Background Information about our Church

The Parish Church of Hayes Middlesex has witnessed to the Christian Faith since at least 830 AD. The Church has been dedicated to Saint Mary the Virgin since the time of Archbishop Anselm. Our main service on Sunday is a Solemn Parish Mass with a supporting choir and organist led service based on the traditional liturgy of the Church. The congregation range from newborn to those in their eighties. During term-time our Sunday school is held in the church hall. The children join us at the time of the communion to receive a blessing or the sacrament.  Our uniformed organisations attend on Parade Sundays. Dr Triplett’s school often come to the church twice each term and also for the special festivals.

The building reflects several periods of architecture from the early perpendicular of the East Window to the Tower which was rebuilt in 1970. A building of such ages has many artefacts including a 12th Century font and the two table tombs of Walter Grene (1456) and Sir Thomas Higate (1576). The medieval tiles in the Sanctuary are partly covered by the Elizabethan Tomb of Sir Edward Fenner (1611). A wooden Holy Table dated 1605 was given and now used as a nave altar. This reflects the destruction of the stone altars during the period of the dissolution of the monastaries. Most of the local nobility were buried in the abbeys, monasteries and cathedrals but these resting places were no longer available. Most of the ledger stones refer to the patrons and Lords of the Manor who then used their local church as a last resting place.. There are several significant brasses. One is to Robert Lellee, the Rector around 1370 and adjacent to it is another Rector Robert Burgeys (1408- 1421). The first recorded Rector was Peter de Lymonicen (1259) and latest Father Peter Homewood.A record of Christian ministry in Hayes of our 1200 years.

The Wesley Brothers used our church. and conducted baptisms and marriages in the building.  There is a significant stone memorial to Revd Charles Manning who was their close friend. He was the Vicar during this period. The people of Hayes have looked to the Church for inspiration. On the north wall is a large mural of Saint Christopher from the 14th century. The Victorian restorers donated a number of teaching windows and recent additions include windows to Saints Anselm and Nicholas. The Coronation window is in the north aisle above the Triptych painted by the pre-Raphaelite Edward Fellowes Prynne. who has paintings in the Maritime Museum in Greenwich and as far afield as Iran. He was a leading painters in this period and also contributed to the painted glazing of many local windows. George Fellowes Prynne, his brother, carved the Reredos and tabernacle with St Anselm and St George in the niches. He was a famous architect with many churches to his credit. He exhibited his designs at the British Academy from 1890 till his death in 1919.  Both brothers are buried in our graveyard.The embossed roof of the Nave reflects the Tudor period with emblems of the crucifixion and the arms of Henry and Aragon. There are 40 different emblems carved in the bosses, When the roof was restored in the 1970s several bosses were added and include the scouts, cubs and brownies plus the Mothers Union.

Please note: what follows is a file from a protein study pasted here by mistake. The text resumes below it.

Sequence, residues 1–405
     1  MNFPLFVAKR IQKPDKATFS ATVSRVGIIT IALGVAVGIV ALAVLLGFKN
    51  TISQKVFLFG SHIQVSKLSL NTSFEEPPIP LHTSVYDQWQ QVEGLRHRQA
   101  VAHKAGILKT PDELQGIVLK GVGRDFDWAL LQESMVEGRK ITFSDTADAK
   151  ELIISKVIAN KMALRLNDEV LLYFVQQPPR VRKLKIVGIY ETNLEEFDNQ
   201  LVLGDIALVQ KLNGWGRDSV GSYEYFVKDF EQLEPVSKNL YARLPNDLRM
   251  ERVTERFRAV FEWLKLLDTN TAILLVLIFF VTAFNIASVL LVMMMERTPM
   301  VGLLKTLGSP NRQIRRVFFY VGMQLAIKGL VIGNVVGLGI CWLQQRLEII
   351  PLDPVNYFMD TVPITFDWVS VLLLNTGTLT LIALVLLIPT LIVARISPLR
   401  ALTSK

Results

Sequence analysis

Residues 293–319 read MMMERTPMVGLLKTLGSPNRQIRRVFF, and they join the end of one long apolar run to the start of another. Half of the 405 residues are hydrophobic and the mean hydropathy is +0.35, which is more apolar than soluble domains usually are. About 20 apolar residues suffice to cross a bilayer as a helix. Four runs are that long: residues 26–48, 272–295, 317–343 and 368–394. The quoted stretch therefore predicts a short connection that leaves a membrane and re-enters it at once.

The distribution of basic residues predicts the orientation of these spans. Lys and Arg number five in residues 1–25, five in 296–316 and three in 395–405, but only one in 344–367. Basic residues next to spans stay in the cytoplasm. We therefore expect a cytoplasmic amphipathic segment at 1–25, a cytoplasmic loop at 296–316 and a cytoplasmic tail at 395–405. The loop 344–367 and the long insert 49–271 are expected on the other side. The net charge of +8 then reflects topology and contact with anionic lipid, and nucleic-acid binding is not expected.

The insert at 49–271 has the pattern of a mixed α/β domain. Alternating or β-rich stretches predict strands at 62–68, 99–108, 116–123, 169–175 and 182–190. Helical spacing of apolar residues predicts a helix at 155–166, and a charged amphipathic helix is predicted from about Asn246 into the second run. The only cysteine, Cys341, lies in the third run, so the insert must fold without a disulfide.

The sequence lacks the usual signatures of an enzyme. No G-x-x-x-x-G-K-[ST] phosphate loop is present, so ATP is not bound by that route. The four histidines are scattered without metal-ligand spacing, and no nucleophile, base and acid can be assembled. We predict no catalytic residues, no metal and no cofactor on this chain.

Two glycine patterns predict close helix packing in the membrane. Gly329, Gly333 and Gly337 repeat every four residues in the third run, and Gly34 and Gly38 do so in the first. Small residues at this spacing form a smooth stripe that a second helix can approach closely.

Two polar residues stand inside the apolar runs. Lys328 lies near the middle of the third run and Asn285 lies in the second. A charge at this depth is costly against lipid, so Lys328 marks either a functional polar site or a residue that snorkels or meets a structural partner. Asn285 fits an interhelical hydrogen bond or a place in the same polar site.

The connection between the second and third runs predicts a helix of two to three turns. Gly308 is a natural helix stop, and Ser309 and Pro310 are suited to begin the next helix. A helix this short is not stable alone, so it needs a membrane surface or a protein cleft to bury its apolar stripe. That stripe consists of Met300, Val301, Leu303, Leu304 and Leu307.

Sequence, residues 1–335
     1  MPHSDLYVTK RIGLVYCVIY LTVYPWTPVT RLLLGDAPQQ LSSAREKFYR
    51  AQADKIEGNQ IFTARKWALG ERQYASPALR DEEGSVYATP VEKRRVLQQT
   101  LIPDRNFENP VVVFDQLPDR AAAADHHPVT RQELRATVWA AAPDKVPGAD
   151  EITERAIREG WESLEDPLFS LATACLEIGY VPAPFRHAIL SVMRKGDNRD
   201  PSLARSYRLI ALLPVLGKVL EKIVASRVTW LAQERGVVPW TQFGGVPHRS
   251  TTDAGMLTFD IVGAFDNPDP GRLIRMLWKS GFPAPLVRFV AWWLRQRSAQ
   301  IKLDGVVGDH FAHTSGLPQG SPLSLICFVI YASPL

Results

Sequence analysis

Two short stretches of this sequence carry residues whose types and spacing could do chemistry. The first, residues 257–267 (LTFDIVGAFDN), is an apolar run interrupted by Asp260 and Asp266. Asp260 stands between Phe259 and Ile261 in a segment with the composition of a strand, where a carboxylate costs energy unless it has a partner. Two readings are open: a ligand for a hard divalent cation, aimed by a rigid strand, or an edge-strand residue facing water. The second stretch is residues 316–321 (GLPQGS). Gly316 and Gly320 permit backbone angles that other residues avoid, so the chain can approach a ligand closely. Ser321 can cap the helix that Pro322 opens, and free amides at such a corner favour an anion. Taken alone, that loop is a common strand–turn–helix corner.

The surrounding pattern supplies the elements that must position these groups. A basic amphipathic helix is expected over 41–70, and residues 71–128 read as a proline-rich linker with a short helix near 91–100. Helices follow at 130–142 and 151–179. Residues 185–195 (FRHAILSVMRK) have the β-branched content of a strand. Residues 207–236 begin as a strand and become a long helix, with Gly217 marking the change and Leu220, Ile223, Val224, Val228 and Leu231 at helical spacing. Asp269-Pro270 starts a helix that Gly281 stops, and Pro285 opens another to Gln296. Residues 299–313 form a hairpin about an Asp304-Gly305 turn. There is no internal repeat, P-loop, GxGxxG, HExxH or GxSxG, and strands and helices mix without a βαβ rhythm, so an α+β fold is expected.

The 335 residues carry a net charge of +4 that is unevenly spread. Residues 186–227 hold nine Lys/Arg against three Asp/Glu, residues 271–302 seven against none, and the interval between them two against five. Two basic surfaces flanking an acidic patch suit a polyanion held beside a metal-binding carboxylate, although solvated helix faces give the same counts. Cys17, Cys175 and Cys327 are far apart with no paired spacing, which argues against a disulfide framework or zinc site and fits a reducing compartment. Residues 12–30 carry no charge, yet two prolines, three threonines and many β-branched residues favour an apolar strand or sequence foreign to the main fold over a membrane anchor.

The inside of the building has been restored recently at a cost of £80,000 and a similar sum will be needed to complete the work in the nave and north aisle. You can join us for worship on Sunday or during the week. We would welcome your enquiries about Baptisms, Confirmation and Weddings in our historic building. If you would like to donate to our work in Hayes, please use the DONATION link .